* Claims Egypt is blocking dam funding
* Ethiopia says resolve at "point of no return"
* Analysts fear world's first war over water
By Barry Malone
ADDIS ABABA, March 30 Ethiopia on Wednesday said
it planned to build a huge dam on the Nile despite a
long-running row with Egypt over use of the river and concern
the dispute may spark a war.
The nine countries through which the river passes have for
more than a decade been locked in often bitter talks to
renegotiate colonial-era treaties that gave Egypt and Sudan the
lion's share of the river's waters.
However, six of the nine upstream countries -- Ethiopia,
Kenya, Uganda, Rwanda, Tanzania and Burundi -- have signed a new
deal stripping Egypt of its veto and agreeing to renegotiate how
much water each country is entitled to.
"The Great Nile dam construction is scheduled to commence
presently near the Ethio-Sudan border," Water and Energy
Minister Alemayehu Tegenu told a news conference. "From this dam
alone, Ethiopia expects to generate 5,250MW."
The Horn of Africa nation aims to produce 15,000 megawatts
(MW) of power within 10 years, part of a plan to spend $12
billion over 25 years to improve the country's power-generating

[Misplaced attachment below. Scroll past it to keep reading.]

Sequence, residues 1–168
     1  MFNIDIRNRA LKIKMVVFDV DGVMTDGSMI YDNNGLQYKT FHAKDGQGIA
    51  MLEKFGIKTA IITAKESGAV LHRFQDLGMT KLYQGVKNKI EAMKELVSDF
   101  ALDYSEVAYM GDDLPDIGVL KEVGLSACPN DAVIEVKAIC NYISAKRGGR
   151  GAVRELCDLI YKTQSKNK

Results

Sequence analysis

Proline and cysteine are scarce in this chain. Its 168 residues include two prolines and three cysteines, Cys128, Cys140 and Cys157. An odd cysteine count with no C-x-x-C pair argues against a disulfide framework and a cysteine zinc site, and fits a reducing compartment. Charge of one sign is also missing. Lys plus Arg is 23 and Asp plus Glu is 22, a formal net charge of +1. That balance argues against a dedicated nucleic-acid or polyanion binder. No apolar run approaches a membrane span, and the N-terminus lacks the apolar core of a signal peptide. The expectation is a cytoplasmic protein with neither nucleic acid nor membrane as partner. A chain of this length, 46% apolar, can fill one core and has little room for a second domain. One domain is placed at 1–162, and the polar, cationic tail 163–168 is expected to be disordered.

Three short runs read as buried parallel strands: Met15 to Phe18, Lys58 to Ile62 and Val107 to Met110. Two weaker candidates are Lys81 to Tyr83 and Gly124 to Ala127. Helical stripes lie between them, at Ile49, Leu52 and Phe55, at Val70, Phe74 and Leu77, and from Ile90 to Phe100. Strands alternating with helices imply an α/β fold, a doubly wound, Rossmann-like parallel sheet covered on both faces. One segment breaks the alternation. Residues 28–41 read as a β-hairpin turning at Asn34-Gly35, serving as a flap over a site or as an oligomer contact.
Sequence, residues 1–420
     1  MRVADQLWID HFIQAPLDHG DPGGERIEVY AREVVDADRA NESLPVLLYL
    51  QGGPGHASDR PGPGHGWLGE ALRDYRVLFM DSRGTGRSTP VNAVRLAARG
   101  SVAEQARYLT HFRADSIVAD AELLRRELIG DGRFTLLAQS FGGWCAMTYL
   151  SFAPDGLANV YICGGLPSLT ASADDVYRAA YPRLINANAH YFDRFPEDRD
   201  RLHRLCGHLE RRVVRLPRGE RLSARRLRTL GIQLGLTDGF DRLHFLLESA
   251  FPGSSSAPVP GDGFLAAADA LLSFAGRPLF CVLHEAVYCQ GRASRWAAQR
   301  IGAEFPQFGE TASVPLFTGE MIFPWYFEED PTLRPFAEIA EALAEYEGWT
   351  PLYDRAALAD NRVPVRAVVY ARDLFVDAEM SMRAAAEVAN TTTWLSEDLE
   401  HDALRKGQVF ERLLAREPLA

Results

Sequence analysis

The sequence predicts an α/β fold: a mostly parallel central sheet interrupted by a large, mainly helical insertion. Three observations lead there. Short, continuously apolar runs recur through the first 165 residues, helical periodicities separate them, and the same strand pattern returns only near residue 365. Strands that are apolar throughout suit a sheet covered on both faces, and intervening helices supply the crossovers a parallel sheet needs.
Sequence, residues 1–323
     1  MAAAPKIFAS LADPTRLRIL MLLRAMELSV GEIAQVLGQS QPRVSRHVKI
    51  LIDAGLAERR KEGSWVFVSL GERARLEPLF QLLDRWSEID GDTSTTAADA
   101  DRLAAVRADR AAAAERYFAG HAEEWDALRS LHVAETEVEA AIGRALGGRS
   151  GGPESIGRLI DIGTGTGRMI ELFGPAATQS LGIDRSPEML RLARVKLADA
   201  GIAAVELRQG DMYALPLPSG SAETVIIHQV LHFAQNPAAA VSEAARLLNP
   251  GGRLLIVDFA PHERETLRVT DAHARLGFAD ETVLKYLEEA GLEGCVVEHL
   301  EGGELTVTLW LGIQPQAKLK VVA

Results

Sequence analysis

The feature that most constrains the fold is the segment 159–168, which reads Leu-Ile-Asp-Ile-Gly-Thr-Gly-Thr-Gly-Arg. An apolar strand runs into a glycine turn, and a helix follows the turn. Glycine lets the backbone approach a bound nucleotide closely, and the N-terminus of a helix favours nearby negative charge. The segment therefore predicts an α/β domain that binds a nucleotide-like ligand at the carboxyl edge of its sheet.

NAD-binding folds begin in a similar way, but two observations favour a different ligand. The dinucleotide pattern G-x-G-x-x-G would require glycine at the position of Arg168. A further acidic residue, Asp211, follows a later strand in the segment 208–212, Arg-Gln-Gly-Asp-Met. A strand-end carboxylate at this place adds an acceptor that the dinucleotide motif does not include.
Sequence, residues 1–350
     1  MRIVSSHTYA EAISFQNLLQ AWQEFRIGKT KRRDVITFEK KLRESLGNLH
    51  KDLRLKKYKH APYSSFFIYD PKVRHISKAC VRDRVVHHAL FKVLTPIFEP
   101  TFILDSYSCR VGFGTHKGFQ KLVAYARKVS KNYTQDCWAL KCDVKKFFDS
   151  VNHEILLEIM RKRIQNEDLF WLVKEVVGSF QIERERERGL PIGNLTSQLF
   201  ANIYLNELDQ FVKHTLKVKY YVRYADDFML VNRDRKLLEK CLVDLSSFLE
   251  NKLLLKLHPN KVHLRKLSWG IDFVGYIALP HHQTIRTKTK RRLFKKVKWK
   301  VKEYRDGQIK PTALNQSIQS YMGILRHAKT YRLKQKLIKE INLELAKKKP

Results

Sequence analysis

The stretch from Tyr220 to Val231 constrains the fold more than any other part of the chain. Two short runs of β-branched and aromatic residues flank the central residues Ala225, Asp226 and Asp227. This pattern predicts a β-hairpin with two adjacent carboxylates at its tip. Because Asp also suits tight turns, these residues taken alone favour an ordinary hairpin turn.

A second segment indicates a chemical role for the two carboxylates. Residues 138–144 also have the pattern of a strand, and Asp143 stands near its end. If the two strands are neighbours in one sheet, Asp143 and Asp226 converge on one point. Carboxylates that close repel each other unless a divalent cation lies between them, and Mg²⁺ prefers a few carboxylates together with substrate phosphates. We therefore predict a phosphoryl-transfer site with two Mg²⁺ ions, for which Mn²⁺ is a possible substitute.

Alemayehu said Ethiopia would be forced to finance the $4.78
billion dam from its own coffers and from the sale of government
bonds because Egypt was pressuring donor countries and
international lenders not to fund its dam projects.
POINT OF NO RETURN
"Those bent on deterring the development of the Nile have
not yet changed their obstructionist ways. Alas, Ethiopia's
resolve has now reached a point of no return," Alemayehu said.
He said tenders for consultancy contracts would soon be open
to international bidders and that Ethiopian engineers would
start work soon on the dam, expected to take 44 months to
In November, Ethiopian Prime Minister Meles Zenawi told
Reuters that Egypt was backing rebel groups in his country
because of the Nile dispute and that if it went to war with
upstream countries over the river it would lose.
Egypt says it will ignore the new deal signed by upstream
states, even though it is now legally binding with six
Analysts say that the ousting of Egypt's President Hosni
Mubarak and the impending secession of South Sudan have
strengthened the case of the upstream nations.
Democratic Republic of Congo (DRC) has not signed the deal
and, when South Sudan becomes independent in July, there will be
ten Nile countries. Analysts expect South Sudan and DRC to
support the new agreement.
Tegenu said the Ethiopian government had commissioned an
independent survey that proved the new dam would benefit Egypt
and Sudan by decreasing siltation in their irrigation projects
and by reducing water wastage.
Under the original pact Egypt, which faces possible water
shortages by 2017, is entitled to 55.5 billion cubic metres a
year from the Nile's total flow of around 84 billion cubic
(Editing by Richard Lough)